There is always some feature that probably sold you on buying your vehicle in the first place. It is probably a gadget that you loved playing with every time you’re behind the wheel. After 100,000 miles, that gadget would be worn out from you playing with it over time. Or, it could be the only thing still going after 150,000 miles on the clock.
The subject of track days came about during a discussion on advanced driver education programs. There has been a push to create driver education programs for teenagers by teaching them advanced, but necessary skills. Car control is a huge piece of the puzzle, as teenagers need to understand how their vehicle can react when presented with a dangerous situation. It used to be called "defensive driving," but teaching these skills on controlled environments raises this concept to new levels.
On Amigo Avenue, the street where I lived, our corner lot at Gilmore Street offered plenty of curbside parking for any of the cars our family owned and any car I would take home from a rental car lot. As with many days in the Valley, when the sun was setting in the west came this shimmering white light across the mulberry trees that would give any of those vehicles a shimmery gleam to our property. In the early years, Mom’s Oldsmobile Ninety-Eight Luxury sedan would catch that sheen when she arrived home. On most days, that meant things were OK in the world – even when they were not.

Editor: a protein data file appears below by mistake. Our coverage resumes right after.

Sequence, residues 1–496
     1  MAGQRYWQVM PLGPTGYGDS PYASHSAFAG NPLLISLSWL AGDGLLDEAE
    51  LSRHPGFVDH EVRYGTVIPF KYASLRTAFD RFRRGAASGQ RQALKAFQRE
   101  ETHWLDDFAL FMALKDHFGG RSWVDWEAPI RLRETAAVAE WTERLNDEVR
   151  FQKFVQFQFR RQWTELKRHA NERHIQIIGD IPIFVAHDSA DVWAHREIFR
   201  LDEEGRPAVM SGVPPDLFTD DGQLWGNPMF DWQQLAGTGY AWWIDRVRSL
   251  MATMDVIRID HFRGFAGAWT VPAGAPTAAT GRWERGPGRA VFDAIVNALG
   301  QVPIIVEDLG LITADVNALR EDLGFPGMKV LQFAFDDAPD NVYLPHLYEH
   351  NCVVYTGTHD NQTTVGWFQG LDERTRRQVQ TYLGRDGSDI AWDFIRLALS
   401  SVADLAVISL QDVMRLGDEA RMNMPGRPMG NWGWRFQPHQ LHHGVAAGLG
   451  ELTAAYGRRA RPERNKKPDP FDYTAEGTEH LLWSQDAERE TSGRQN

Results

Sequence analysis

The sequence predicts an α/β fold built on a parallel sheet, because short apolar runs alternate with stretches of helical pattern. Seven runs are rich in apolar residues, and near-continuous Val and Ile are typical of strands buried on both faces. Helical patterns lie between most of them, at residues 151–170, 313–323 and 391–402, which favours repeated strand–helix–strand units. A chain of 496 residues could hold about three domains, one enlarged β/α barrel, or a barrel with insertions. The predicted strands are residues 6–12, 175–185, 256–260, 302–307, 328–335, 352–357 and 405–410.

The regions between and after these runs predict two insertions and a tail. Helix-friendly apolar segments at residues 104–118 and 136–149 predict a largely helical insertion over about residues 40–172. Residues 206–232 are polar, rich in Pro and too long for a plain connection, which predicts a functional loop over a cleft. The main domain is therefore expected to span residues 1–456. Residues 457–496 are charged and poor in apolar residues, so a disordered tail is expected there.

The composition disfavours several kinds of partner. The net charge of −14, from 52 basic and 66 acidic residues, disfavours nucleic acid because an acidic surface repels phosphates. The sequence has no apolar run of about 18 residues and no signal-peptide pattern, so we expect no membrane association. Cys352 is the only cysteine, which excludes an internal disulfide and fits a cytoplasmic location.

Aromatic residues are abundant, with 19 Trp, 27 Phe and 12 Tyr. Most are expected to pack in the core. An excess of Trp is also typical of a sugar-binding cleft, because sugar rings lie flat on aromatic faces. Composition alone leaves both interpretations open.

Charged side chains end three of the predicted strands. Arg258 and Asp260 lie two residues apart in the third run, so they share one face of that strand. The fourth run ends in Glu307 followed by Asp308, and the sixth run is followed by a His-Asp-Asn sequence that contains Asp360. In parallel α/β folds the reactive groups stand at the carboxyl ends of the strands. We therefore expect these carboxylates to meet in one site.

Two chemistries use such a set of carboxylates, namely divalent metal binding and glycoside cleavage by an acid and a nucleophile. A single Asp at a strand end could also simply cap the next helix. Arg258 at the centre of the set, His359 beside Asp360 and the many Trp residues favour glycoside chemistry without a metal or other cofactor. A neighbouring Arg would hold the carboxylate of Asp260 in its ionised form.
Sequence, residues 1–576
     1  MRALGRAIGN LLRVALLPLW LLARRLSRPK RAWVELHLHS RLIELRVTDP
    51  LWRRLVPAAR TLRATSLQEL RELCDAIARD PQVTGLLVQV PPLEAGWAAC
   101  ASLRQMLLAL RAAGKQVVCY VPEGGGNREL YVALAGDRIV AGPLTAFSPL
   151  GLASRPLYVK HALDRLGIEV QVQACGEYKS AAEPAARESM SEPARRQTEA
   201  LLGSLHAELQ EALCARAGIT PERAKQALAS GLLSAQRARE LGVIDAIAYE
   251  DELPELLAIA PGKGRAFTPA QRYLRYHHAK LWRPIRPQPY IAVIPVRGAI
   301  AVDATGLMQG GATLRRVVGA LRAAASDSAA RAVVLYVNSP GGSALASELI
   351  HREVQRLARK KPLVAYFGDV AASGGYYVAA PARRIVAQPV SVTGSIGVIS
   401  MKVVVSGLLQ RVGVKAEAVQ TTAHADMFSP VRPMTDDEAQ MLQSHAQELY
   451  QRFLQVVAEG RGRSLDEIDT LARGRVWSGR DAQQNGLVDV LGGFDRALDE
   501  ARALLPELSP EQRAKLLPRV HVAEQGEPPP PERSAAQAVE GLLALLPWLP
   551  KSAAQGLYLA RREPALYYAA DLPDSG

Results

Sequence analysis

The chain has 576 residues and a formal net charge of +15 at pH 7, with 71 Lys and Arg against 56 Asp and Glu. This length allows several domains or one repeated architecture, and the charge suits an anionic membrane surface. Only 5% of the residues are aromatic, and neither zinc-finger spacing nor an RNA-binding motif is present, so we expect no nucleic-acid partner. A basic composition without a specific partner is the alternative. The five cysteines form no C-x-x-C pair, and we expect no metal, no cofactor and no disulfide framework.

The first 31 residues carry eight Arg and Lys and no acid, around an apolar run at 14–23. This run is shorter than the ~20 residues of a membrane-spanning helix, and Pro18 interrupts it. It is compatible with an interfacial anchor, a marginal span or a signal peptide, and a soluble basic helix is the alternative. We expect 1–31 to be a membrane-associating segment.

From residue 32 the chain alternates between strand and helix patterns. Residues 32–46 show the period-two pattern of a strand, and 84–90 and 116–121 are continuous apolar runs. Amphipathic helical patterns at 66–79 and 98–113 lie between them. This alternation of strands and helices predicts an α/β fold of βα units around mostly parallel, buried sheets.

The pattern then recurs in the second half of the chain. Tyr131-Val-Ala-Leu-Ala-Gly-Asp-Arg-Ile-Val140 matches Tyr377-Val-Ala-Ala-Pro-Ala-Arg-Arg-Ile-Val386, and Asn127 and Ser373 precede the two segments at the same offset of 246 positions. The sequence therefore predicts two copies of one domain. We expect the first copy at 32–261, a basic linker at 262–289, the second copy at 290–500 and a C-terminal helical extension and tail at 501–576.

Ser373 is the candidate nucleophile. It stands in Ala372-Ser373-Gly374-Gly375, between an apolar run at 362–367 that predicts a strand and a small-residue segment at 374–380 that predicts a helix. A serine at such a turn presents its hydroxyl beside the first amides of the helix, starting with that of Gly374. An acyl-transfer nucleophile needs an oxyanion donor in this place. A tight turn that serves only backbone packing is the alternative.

There was a time when the future of the automobile was exhibited to the public as a "concept." A concept vehicle was truly a vision of the future for which a few components would be present in new models within a few years later. Others were just straight out of science fiction with none of the concept's ideas brought to market at all.